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From Wikipedia, the free encyclopedia

IEEE Ka band
Frequency range
26.5–40 GHz
Wavelength range
11.1–7.5 mm
Related bands

The Ka band (pronounced as either "kay-ay band" or "ka band") is a portion of the microwave part of the electromagnetic spectrum defined as frequencies in the range 26.5–40 gigahertz (GHz),[1] i.e. wavelengths from slightly over one centimeter down to 7.5 millimeters.[2] The band is called Ka, short for "K-above" because it is the upper part of the original NATO K band, which was split into three bands because of the presence of the atmospheric water vapor resonance peak at 22.24 GHz (1.35 cm), which made the center unusable for long range transmission. The 30/20 GHz band is used in communications satellite uplinks in either the 27.5 GHz and 31 GHz bands,[3] and high-resolution, close-range targeting radars aboard military airplanes. Some frequencies in this radio band are used for vehicle speed detection by law enforcement.[4] The Kepler Mission used this frequency range to downlink the scientific data collected by the space telescope.

The designation "Ka-band" is from Kurz-above, which stems from the German word kurz meaning "short".[5]

In satellite communications, the Ka band allows higher bandwidth communication.[6] It was first used in the experimental ACTS Gigabit Satellite Network, and is currently used for high-throughput satellite internet access in geostationary orbit (GEO) by the Inmarsat I-5 system[7] and Kacific K-1 satellite;[8] in low Earth orbit (LEO) by the SpaceX Starlink system[9] and the Iridium Next satellite series;[10] and in medium Earth orbit (MEO) by the SES O3b system.[11]

Planned future satellite projects using Ka-band include Amazon's Project Kuiper satellite internet constellation in LEO,[12] SES's multi-orbit satellite internet system of the SES-17 satellite in GEO and O3b mPOWER constellation in MEO[13] and the James Webb Space Telescope.[14]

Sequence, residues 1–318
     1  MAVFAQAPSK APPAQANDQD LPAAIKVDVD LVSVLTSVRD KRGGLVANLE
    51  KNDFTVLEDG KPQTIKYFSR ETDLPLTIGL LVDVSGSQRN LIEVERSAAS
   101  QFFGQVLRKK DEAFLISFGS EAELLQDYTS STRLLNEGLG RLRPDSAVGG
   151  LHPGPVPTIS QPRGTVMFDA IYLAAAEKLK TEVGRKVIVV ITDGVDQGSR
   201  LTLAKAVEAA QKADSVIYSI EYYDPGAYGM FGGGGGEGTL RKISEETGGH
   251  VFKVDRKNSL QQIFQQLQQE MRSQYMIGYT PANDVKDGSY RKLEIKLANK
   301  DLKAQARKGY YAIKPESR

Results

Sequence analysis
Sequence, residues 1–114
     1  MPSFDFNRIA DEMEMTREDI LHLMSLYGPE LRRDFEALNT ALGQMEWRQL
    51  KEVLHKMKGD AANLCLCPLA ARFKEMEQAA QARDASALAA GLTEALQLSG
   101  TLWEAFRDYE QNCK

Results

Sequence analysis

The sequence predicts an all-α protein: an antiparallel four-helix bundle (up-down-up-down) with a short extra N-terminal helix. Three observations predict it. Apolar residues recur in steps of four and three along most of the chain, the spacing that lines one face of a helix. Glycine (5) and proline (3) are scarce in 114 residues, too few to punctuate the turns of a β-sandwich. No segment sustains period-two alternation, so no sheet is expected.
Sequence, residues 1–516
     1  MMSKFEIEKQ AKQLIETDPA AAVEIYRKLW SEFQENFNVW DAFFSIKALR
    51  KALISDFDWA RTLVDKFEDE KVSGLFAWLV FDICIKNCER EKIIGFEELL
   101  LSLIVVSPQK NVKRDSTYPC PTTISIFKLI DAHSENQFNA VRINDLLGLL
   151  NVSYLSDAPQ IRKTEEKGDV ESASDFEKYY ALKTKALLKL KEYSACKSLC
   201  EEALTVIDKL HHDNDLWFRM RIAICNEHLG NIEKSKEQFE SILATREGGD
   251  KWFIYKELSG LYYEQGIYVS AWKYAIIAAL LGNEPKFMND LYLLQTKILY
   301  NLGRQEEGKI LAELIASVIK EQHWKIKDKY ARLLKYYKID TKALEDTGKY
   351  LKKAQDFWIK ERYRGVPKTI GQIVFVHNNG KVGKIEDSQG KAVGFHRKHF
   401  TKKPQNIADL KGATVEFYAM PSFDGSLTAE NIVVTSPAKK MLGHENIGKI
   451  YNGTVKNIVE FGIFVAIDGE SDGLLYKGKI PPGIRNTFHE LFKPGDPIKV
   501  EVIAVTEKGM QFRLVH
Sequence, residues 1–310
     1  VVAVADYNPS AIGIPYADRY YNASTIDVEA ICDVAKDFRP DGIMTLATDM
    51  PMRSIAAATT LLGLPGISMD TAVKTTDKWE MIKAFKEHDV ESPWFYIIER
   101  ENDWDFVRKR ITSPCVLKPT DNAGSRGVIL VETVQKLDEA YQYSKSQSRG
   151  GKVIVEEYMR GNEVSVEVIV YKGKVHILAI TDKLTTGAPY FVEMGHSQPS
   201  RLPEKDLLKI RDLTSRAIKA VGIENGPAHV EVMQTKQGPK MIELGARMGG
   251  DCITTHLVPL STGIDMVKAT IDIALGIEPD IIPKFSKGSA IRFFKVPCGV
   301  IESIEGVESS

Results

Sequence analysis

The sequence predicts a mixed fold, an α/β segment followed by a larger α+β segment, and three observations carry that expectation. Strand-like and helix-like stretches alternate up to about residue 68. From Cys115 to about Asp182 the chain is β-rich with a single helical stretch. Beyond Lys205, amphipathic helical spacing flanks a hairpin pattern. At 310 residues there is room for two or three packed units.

The Ka band is more susceptible to rain attenuation than is the Ku band, which in turn is more susceptible than the C band.[15] The frequency is commonly used by cosmic microwave background experiments. The 5th generation mobile networks will also partially overlap with Ka band (28, 38, and 60 GHz).[citation needed]


  1. ^ R. Ludwig, P. Bretchko, RF Circuit Design, Theory and Applications, Prentice Hall NJ, 2000.
  2. ^ "Basics of Space Flight Section I. The Environment of Space".
  3. ^ "Ka Band".
  4. ^ Elert, Glenn. "Frequency of a Police Radar Gun".
  5. ^ (german)
  6. ^ L/Ku/Ka-band satellites – what does it all mean? Get Connected. 11 September 2017. Accessed 27 April 2021
  7. ^ "Archived copy". Archived from the original on May 11, 2013. Retrieved August 6, 2013.CS1 maint: archived copy as title (link)
  8. ^ Kacific Reveals Plans for Second Satellite Via Satellite. 30 October 2020. Accessed 28 April 2021
  9. ^ "SpaceX seeks FCC permission for operating all first-gen Starlink in lower orbit". 2020-04-21. Retrieved 2020-04-23.
  10. ^ Iridium-NEXT Gunter's Space Page. Accessed 28 April 2021
  11. ^ Four New Satellites Ride Into Space To Join Growing SES Constellation 4 April 2019. Accessed 28 April 2021
  12. ^ Foust, Jeff (15 December 2020). "Amazon unveils flat-panel customer terminal for Kuiper constellation". SpaceNews. Retrieved 29 December 2020.
  13. ^ SES’ Satellites’ Agility Achieved With ARC and Kythera Space Solutions SatNews. 24 November 2020. Accessed 28 April 2021
  14. ^ James Webb Space Telescope User Documentation - JWST Communications Subsystem Space Terlescope Science Institute. Accessed 28 April 2021
  15. ^ Miller, Peter. "Ka-Band – the future of satellite communication?" (pdf). Retrieved 2016-07-06.

This page was last edited on 21 May 2021, at 19:27
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